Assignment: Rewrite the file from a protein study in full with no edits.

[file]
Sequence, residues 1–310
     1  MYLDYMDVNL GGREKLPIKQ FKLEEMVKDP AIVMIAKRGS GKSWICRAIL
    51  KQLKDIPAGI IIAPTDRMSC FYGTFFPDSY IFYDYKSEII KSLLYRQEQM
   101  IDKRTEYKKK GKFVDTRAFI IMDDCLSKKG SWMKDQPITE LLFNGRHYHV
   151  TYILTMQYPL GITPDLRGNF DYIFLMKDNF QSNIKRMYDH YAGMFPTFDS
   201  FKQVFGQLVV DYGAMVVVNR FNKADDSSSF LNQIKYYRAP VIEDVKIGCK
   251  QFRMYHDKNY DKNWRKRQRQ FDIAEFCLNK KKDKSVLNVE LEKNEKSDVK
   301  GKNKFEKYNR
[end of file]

Sequence, residues 1–310
     1  MYLDYMDVNL GGREKLPIKQ FKLEEMVKDP AIVMIAKRGS GKSWICRAIL
    51  KQLKDIPAGI IIAPTDRMSC FYGTFFPDSY IFYDYKSEII KSLLYRQEQM
   101  IDKRTEYKKK GKFVDTRAFI IMDDCLSKKG SWMKDQPITE LLFNGRHYHV
   151  TYILTMQYPL GITPDLRGNF DYIFLMKDNF QSNIKRMYDH YAGMFPTFDS
   201  FKQVFGQLVV DYGAMVVVNR FNKADDSSSF LNQIKYYRAP VIEDVKIGCK
   251  QFRMYHDKNY DKNWRKRQRQ FDIAEFCLNK KKDKSVLNVE LEKNEKSDVK
   301  GKNKFEKYNR